Los Angeles high-stakes poker player Gal Yifrach is facing two felony counts related to, as the feds say, running an illegal gambling operation.
Yifrach has been a regular on Southern California live-streamed poker shows such as Live at the Bike for quite some time. He won a World Series of Poker (WSOP) bracelet in 2018 and finished third last year in Event #38: $50,000 High Roller No-Limit Hold’em for $495,305.
According to an indictment filed March 3 in the United States District Court Eastern District of California, he’s also allegedly been making money in an illegal manner. In the 11-page document, the 35-year-old is charged with one count of conducting an illegal gambling business and one count of conspiracy to commit money laundering.
PokerNews interviewed Yifrach last fall during the WSOP about a memorable hand he played on Hustler Casino Live. Nick Vertucci, co-owner of HCL, was in shock when he learned of the news about the poker player’s alleged transgressions.
“I am shocked to hear this,” Vertucci told PokerNews. “There was no indication of anything when he played in our games. Gal always seemed like just a regular nice guy. It saddens me to hear of this.”
What the Feds Claim Yifrach Did
According to the indictment, beginning around January 2018 until January 2022, the poker pro conducted an illegal gambling business involving “supplying, operating, and maintaining video slot machines and devices.”
“[They would] exchange cash proceeds of an illegal gambling business for other items of value to conceal the fact their income was derived from operating an illegal gambling business.”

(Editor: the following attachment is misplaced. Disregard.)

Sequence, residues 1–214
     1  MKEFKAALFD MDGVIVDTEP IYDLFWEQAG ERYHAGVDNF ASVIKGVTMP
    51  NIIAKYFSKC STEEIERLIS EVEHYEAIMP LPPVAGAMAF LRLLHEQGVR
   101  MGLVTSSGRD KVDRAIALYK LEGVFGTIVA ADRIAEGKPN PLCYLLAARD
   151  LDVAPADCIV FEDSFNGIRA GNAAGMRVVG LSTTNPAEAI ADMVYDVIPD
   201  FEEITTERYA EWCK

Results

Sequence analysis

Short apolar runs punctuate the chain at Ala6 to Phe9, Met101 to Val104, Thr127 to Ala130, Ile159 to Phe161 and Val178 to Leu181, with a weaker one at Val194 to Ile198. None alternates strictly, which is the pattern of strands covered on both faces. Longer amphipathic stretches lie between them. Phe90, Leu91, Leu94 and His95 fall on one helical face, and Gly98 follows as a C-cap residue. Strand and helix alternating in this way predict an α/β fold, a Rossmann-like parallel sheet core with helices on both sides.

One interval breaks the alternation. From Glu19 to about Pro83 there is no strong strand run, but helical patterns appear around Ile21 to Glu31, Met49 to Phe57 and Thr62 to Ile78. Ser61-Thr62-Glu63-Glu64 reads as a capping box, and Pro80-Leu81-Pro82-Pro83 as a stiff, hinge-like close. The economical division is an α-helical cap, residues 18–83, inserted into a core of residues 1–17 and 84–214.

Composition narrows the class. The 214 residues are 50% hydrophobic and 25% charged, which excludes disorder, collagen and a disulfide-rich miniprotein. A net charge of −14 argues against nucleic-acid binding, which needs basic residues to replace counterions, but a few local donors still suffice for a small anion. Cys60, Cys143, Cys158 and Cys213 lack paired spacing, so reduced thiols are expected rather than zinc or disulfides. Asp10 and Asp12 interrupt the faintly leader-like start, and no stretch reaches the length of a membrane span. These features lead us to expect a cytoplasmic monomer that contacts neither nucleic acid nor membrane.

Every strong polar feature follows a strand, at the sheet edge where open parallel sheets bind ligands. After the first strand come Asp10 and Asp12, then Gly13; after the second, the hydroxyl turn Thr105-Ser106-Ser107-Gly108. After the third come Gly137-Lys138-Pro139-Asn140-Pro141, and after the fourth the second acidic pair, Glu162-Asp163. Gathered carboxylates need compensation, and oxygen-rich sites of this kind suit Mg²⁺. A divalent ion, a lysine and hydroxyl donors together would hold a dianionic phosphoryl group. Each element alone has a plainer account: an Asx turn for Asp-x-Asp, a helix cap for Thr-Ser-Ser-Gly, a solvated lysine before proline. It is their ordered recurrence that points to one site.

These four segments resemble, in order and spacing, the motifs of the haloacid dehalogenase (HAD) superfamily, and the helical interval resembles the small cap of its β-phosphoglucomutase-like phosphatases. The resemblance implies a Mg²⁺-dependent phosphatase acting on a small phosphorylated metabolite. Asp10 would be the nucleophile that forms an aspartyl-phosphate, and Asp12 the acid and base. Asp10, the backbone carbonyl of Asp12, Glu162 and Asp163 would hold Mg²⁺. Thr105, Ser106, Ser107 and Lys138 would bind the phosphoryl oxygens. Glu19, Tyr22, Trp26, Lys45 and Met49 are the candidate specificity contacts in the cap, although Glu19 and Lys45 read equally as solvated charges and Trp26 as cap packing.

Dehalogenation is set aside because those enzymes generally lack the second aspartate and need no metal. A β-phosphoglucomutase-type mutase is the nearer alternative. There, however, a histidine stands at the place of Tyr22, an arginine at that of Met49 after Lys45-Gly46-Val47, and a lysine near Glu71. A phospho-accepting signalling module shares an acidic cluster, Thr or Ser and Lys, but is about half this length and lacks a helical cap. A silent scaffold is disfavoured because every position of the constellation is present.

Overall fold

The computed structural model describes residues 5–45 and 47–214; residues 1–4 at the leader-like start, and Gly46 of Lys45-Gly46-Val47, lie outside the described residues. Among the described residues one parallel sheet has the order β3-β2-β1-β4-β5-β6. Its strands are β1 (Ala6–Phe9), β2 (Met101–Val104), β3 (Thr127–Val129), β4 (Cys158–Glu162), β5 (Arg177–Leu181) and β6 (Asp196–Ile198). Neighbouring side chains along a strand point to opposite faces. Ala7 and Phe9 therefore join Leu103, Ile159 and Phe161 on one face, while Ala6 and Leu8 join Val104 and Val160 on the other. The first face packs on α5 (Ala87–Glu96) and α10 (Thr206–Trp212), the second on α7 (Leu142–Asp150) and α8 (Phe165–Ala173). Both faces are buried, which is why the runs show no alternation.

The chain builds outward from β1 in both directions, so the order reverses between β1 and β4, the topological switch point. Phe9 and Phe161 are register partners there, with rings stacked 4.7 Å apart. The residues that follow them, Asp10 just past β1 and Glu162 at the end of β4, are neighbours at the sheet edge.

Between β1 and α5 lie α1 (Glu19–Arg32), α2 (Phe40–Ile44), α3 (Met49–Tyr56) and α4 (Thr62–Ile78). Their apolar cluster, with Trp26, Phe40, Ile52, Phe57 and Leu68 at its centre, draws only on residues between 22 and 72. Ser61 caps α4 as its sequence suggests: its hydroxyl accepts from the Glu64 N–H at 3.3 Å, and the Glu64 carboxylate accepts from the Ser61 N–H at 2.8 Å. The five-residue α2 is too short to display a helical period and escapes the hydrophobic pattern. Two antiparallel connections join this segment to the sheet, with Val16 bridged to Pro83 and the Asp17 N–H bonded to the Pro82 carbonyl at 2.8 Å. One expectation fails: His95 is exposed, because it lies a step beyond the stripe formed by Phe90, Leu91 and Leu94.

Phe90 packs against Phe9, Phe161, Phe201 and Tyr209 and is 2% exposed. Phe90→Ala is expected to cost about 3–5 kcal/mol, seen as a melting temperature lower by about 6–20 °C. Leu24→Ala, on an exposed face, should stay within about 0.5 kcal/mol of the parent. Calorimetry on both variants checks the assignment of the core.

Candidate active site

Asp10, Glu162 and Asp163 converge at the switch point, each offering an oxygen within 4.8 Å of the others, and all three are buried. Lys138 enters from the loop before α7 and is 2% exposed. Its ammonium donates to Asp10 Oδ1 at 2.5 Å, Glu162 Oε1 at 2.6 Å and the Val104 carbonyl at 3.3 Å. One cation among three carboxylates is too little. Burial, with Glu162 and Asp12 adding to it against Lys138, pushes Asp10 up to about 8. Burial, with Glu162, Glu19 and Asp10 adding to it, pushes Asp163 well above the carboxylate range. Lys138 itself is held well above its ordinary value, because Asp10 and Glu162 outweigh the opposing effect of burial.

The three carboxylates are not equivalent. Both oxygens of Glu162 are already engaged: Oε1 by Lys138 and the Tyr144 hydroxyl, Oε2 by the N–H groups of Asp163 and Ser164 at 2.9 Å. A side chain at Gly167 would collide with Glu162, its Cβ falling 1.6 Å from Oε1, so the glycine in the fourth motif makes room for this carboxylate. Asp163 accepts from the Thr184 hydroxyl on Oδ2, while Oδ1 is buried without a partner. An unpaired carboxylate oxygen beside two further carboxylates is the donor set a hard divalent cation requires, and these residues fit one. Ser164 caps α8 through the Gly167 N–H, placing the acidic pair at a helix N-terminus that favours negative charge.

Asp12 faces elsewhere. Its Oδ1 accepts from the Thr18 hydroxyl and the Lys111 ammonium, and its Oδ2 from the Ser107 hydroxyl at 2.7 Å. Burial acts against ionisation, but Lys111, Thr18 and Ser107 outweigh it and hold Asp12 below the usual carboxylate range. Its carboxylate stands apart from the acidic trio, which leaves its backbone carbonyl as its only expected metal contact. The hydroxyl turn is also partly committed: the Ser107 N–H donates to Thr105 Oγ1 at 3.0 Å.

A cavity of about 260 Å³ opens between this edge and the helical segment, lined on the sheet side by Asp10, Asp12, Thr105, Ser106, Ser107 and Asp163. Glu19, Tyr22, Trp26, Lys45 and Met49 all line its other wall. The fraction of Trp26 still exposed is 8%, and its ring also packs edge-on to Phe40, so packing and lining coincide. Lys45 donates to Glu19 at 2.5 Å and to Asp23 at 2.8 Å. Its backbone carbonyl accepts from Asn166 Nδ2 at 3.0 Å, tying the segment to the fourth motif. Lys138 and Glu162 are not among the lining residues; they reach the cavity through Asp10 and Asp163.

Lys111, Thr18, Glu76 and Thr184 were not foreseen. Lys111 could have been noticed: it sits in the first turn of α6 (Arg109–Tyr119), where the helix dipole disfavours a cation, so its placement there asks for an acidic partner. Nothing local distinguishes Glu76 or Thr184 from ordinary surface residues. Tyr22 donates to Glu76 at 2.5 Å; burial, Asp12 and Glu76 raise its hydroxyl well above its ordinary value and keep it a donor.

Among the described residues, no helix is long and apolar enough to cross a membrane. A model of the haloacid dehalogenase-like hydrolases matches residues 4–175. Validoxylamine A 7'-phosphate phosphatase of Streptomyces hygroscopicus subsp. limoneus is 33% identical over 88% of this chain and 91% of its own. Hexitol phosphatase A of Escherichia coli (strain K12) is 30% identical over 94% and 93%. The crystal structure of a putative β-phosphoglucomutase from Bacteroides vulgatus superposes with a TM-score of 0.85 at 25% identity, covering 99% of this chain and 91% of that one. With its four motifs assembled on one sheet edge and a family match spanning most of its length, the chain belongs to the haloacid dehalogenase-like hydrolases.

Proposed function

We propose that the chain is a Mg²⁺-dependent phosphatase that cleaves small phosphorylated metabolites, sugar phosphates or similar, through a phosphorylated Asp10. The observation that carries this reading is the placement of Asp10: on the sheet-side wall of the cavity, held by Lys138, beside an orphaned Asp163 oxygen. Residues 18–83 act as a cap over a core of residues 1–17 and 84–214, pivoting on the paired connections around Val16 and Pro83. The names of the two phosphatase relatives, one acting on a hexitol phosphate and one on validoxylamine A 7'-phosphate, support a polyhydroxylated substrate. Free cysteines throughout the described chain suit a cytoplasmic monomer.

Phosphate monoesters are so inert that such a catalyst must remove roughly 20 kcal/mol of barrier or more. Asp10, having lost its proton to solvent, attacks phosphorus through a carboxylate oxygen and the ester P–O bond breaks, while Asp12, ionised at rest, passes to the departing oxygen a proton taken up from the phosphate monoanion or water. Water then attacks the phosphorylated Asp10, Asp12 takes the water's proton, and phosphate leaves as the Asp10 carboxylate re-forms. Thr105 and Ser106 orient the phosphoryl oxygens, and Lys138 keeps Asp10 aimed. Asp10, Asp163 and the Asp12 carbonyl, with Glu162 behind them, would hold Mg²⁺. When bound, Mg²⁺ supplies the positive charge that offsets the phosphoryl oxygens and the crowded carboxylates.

The money laundering accusation part of the indictment involved taking the cash from the illegal casino and exchanging it for clean money, the feds say. As stated in the indictment, he then used those funds to invest in real estate and make other purchases.
Authorities claim Yifrach laundered money in a few different ways. One was to exchange the alleged illegal gambling revenue for casino chips at a “casino in Bell Gardens, California,” referred to in the document as “Casino 1.” He would then, the feds say, take those casino chips to the casino and exchange them for checks, which he would deposit into his bank account.
According to the indictment, Yifrach collected the cash proceeds of an “illegal gambling business from various locations in the Eastern District of California and elsewhere, and transported those cash proceeds to other locations in California.”
Yifrach and co-defendant Shalom Ifrah “used, and agreed to use, multiple methods to exchange cash proceeds of an illegal gambling business for other items of value to conceal the fact their income was derived from operating an illegal gambling business,” the document states.
The indictment was initially obtained by The Daily Beast reporter Justin Rohrlich.
How the Feds Uncovered Alleged Crime
In Section 17, the indictment states that Yifrach and Ifrah “frequently sent electronic messages to each other to coordinate the transactions.” The feds had been tipped off about an alleged illegal gambling business involving the poker pro, so they began monitoring his cell phone communications.
The indictment mentions a few examples of alleged criminal activities, including one instance where Yifrach and Ifrah discussed via text messaging taking money from Yifrach’s safe “in order to give a total of $150,000 to an individual in exchange for casino chips from CASINO 1.” That incident allegedly took place between October 24 and 27, 2018.
On January 8, 2020, so says the court document, Yifrach told Ifrah by electronic messaging that they needed to “consult with someone about cleansing the cash” and Ifrah responded by informing his co-defendant that “it would be best to continue registering as an employee of a company and giving checks for cash.”
If convicted, Yifrach faces up to five years in prison for the illegal gambling charge and up to 20 years for the conspiracy to commit money laundering charge.